China Unicom is set to trial TD-LTE technology in the second half of 2013, as the country moves towards 4G licensing, although the world’s fifth-largest operator went to great lengths to state that the more popular FDD version of LTE will be an important part of its future.
“The size of this trial network will not be very big. We will mainly focus on the provincial capital cities as well as the coastal cities. But we will be well prepared for the FDD-LTE network construction, and we believe that the government and the regulators have very clear requirements for us,” said Chang Xiebing, its chairman and CEO.
Speaking at its results conference yesterday, the executive said that this reflects the expected 4G licensing regime in China, which (as with the 3G licensing of TD-SCDMA technology for China Mobile) will favour “indigenous” technologies ahead of international candidates. This will mean TD-LTE permits are issued later this year before the more globally popular FDD-LTE.
“We are going to work very seriously on our [3G] WCDMA construction work and actively promote the evolution of WCDMA to FDD-LTE. This is our long term strategy, and there won’t be any wavering on this issue,” Chang said.
Unicom, which recently passed the 100 million 3G subscriber mark, has benefitted from its adoption of the global 3G standard WCDMA and associated infrastructure and device availability.
“At the same time, due to the trend of the mobile internet evolution to support indigenous innovation, and at the same time taking into account the synergy of spectrum resources, starting from the second half China Unicom is planning to deploy and construct a pilot in TD-LTE networks in certain regions and areas,” Chang continued.
While TD-LTE is certainly an important technology for China, it has also seen significant traction internationally. Key supporters include SoftBank in Japan and Bharti Airtel in India. China Mobile remains the industry’s biggest backer of TD-LTE; it has deployed numerous trials across the country and is expected to move from 3G TD-SCDMA technology to TD-LTE as soon as 4G licenses are awarded.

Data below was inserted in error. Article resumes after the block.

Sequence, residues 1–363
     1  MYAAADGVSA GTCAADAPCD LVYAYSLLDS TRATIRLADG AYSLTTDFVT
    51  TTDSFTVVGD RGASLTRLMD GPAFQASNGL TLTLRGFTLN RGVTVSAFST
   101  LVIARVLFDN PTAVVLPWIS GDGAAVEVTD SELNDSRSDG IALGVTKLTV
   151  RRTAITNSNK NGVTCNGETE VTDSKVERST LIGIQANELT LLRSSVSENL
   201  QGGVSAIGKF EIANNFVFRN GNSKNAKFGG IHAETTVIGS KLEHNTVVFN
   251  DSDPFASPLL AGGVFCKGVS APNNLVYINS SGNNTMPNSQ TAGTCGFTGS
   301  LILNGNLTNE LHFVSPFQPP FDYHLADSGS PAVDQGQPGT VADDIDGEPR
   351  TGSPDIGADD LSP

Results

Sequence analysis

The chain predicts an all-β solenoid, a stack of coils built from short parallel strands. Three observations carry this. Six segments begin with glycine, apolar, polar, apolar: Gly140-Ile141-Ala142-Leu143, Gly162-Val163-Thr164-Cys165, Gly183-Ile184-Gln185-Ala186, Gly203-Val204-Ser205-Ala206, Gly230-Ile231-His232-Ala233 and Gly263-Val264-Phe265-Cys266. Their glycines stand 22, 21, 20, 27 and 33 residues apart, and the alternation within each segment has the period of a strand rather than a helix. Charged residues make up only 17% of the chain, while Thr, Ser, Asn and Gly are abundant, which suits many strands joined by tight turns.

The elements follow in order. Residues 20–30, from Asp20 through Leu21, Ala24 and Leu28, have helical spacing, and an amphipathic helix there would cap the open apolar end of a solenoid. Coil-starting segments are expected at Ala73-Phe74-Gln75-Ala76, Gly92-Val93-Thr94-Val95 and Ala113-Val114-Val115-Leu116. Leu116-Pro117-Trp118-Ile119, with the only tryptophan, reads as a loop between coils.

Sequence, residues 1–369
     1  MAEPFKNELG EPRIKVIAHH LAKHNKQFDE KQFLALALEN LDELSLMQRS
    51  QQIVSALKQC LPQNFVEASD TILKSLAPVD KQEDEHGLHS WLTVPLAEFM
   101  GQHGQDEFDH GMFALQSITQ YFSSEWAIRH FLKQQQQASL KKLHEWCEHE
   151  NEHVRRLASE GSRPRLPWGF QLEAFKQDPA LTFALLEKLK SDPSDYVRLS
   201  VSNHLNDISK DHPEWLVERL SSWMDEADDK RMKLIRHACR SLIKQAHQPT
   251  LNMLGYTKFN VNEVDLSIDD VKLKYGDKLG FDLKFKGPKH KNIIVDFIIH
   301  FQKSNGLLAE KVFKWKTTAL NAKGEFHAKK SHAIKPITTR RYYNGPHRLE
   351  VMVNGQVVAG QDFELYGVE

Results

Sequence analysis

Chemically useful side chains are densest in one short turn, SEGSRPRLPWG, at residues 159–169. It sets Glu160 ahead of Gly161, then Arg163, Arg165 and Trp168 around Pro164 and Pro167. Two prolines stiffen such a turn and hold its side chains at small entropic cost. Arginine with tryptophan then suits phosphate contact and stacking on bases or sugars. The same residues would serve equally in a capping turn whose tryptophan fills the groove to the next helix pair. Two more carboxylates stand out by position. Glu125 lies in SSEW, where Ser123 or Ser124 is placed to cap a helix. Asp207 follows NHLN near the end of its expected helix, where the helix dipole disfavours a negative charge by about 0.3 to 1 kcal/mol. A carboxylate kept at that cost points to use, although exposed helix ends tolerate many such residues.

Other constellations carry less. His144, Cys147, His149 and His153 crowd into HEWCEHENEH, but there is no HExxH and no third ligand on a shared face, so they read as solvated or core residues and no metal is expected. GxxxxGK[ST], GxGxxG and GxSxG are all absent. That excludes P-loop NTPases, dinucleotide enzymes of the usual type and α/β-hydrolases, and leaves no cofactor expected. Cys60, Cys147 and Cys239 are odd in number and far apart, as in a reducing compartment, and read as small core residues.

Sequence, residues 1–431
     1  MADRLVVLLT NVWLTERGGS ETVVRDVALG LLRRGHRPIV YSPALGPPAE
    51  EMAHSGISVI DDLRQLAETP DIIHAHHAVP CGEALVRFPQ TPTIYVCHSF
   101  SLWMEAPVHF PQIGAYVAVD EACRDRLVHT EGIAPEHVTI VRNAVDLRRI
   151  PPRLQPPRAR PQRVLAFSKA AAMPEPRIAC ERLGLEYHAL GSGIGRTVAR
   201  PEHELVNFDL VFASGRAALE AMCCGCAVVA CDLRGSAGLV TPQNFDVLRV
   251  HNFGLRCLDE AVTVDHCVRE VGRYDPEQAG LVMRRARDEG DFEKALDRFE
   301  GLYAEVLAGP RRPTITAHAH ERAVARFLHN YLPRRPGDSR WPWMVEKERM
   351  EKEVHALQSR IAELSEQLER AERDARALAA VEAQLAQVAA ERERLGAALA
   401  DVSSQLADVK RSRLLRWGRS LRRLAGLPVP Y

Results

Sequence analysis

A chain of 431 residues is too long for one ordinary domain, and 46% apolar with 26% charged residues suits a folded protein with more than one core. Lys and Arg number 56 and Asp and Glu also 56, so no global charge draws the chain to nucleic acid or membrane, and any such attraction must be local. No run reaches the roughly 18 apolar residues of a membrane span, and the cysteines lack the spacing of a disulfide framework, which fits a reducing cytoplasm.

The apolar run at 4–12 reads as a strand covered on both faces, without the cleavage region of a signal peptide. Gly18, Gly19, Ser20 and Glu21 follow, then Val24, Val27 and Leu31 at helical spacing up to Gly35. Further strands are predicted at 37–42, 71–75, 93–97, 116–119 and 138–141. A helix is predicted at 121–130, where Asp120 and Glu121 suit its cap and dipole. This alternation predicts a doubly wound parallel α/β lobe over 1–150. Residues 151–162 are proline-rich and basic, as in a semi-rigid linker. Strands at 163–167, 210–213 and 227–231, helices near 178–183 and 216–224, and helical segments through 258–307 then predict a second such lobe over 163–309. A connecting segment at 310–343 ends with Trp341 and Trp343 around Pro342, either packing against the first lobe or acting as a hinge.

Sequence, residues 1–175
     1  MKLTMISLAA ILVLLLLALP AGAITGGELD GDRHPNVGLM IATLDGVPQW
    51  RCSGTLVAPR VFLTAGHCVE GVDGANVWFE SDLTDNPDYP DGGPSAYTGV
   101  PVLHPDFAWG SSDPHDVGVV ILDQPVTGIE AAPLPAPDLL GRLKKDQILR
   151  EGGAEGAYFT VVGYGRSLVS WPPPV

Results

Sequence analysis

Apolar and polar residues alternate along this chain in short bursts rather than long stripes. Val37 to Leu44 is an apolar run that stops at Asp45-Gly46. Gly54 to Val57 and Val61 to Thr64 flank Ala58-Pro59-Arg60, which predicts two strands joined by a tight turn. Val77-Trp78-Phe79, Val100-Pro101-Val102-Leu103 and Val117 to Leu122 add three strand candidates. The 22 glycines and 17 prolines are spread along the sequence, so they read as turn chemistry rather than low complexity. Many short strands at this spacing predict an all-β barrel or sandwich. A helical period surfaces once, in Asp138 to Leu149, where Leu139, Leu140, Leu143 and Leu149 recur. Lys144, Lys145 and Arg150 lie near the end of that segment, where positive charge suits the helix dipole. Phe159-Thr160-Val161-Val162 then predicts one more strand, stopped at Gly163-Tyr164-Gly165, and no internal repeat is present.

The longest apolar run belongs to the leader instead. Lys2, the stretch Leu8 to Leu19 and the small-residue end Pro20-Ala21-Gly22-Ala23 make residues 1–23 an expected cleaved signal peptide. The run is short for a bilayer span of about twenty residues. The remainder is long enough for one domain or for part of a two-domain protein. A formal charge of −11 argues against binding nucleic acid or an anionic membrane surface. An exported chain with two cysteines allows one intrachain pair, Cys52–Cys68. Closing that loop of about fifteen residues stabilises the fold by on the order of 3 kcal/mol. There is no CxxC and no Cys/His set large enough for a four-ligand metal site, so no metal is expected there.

The Global TD-LTE Initiative (GTI), the operator group supporting the technology, has put interoperability with FDD-LTE at the heart of its efforts, to enable the seamless coexistence of both options.
Of note, this week the Global mobile Suppliers Association (GSA) said that of the world’s 200 live LTE networks, 182 deployments use the frequency division duplex (FDD) version of LTE, with two channels of paired spectrum separated with a guard band for uploads and downloads. Nine networks use the time division duplex (TDD) version of LTE, which uses scheduling to allow data to be sent and received on a single channel. The other nine networks use a combination of FDD and TDD technology.
Certainly, any commercial deployment of TD-LTE technology by China Unicom – the world’s fifth-largest operator in terms of connections – would be a major boost to the success of this flavour of LTE.
The Unicom head would not be drawn on its 4G capital expenditure plans. At least in part that comes down to the timetable for 4G licensing, where “there isn’t a clear timeline, yet.”
“There has been lots of news regarding the issue of 4G licences, and the central government is going to actually give us the decision shortly. So for China Unicom, we are going to work with the central government and make our due contributions,” the executive observed.
Unicom said that moving forward, its 3G capex will be “relatively stable”, while noting that this is being done as a foundation to its 4G upgrade.
“We think a reasonable investment in our 3G network is not only necessary for our 3G service offering, but also four our long-term 4G development in the future,” Chang said.